Comments delivered by Gregory N Matz son of Neil F (deceased) and Eleanor Matz 01-May-2005 Lavenham, Suffolk, England on the occasion of the re-dedication of the 487th Memorial Plaque located in the Lavenham village square during the 487th (H) Bomb Group 60th Anniversary V-E Tour, England/Belgium 29-Apr to 08-May-2005
Father Richard, Members of Council, People of Lavenham, my name is Gregory Matz and I am part of a group of veterans – spouses – children – and grandchildren – of the 487th Bomb Group visiting to commemorate the 60th anniversary of Victory in Europe Day.
Over two generations ago, a friendly invasion began in the small village of Lavenham. An invasion of young American boys – many of them no older than my own son is – some of them here today. Eventually that number would grow to well over 3000 young boys who came to – and called Lavenham home – at least for awhile. Unfortunately, too many of them never left the continent – and today still sleep in Europe – and in England.
You know – I am of Italian and Slovak heritage. The child of immigrant forebearers who went to America in the late nineteenth and early twentieth centuries looking to better their lives. And yet – I feel – as an American today – and I have always felt this way – I feel a greater affinity – and love - for the English than I do for anybody else – including the Slovaks and the Italians.
After all, it was the English that gave birth to America – somewhat reluctantly – but birth none the less. Its is, I suppose, shared language – although your English language sounds so much more refined than our English language – shared values and shared beliefs that bind us together. But more than those – it is a shared kinship – a brotherly relationship that binds – and keeps us together. Roosevelt and Churchill – Thatcher and Reagan – Bush and Blair – the 487th Bomb Group and Lavenham.
Except for that bloody little disturbance with the colonies – our war for independence – and a brief spat in 1812 – when you tried to get us back – when one of us was in trouble and needed help – the other was there – side by side – just like family – just like brothers.
And so it was in 1943 that young boys from all over America converged on – and began to call Lavenham home. After a grueling and wickedly frightening 6 to 10 or 12 hour round trip to fortress Europe – Lavenham was a warm and welcome home.
And so it was in 1943 that the were – over paid, over-sexed and over here – Lavenham took these boys into their hearts and made them their own. In fact, I have several friends – women – back in the states that left their native England 60 years ago and returned to America with their young GI or their young flyboy. And now having spent a couple of days here – I can certainly see why these young boys found these young English women so attractive.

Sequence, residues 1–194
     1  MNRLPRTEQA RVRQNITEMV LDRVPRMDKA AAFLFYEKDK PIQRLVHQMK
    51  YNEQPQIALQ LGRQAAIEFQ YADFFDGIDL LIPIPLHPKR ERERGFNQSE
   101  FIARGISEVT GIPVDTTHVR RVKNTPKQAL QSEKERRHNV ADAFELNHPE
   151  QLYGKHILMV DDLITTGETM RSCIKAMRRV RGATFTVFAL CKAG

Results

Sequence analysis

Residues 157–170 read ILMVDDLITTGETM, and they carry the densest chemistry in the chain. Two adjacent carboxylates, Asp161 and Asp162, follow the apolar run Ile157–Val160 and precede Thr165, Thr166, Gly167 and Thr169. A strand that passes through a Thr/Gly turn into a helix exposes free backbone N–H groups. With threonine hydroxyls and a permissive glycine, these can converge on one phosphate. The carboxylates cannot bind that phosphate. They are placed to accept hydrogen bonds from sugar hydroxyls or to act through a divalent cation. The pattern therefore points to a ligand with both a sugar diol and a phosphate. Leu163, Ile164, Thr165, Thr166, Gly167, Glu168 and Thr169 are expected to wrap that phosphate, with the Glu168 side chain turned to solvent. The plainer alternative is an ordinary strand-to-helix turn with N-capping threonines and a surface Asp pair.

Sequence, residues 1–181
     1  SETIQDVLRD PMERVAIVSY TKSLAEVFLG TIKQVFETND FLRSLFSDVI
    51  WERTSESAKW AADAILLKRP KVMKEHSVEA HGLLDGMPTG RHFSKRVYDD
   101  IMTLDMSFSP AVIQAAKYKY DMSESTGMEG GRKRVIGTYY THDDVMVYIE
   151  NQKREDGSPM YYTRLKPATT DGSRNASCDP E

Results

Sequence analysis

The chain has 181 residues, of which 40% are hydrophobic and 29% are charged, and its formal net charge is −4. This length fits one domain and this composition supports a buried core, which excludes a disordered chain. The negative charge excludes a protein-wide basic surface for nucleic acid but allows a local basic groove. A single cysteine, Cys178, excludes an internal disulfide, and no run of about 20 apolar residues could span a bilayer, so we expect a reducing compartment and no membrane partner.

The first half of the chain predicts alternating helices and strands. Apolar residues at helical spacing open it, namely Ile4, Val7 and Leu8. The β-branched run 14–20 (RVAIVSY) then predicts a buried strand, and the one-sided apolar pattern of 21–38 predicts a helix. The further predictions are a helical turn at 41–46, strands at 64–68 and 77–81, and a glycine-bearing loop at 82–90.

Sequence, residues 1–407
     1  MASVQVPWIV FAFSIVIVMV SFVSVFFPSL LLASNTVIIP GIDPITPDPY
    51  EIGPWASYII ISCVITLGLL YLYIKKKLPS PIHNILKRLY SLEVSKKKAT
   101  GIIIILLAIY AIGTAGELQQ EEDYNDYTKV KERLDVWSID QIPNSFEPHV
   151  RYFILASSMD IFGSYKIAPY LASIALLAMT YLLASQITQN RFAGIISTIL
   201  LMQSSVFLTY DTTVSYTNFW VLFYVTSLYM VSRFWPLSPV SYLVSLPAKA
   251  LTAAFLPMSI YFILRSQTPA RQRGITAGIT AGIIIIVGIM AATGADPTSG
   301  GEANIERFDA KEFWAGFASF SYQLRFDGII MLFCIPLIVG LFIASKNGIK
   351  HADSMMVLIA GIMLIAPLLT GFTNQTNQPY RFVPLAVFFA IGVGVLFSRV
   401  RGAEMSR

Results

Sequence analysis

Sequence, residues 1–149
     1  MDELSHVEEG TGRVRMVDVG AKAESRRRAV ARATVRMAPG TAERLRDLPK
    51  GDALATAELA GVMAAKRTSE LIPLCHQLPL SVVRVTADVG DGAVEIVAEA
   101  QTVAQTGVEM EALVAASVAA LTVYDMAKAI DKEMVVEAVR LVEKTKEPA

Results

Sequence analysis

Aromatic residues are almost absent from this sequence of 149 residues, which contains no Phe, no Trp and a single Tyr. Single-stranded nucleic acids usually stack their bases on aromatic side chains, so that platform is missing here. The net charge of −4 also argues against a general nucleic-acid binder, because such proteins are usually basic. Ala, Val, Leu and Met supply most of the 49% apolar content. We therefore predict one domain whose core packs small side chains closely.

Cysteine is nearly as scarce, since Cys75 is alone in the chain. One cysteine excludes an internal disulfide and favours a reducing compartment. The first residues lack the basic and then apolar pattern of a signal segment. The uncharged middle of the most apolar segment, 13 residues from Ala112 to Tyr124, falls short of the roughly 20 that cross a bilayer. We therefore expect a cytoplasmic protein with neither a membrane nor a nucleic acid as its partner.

This week – as the world remembers the 60th anniversary of the victory in Europe – the end of the second world war in Europe – the great victory of freedom over fascism – we must vow to learn from history – so as not to repeat history. For I am a great believer in the fact that if we don't learn from history we are bound to repeat history.
But now – more importantly than ever – as that generation passes – we must vow to pass on to our children and our childrens-children that verbal history – those stories – those memories. Make your grand-children know – make your nieces and nephews know – make the neighbors children know – tell them what it was like – tell them what you did – tell what your parents did – don't assume that they'll learn it in school – they won't – especially not like they can learn it from you.
So, as we gather to re-commemorate – to re-affirm and to re-dedicate this memorial to the men of the 487th Bomb Group – on behalf of my late father Neil F. Matz 836th Bomb Squadron, 487th Bomb Group (H), Third Air Wing, 8th United States Army Air Force – and all of the men – living and dead – of the 487th – I'd like to take this opportunity to re-affirm the gratitude of the younger generations of those American boys – to the people of the village of Lavenham – who so lovingly took them in and made them their own – the gratitude and thanks for your hospitality 60 years ago – and your hospitality today – to the people of Lavenham – Thank You – to the men of the 487th Bomb Group – may you fly forever – Thank You.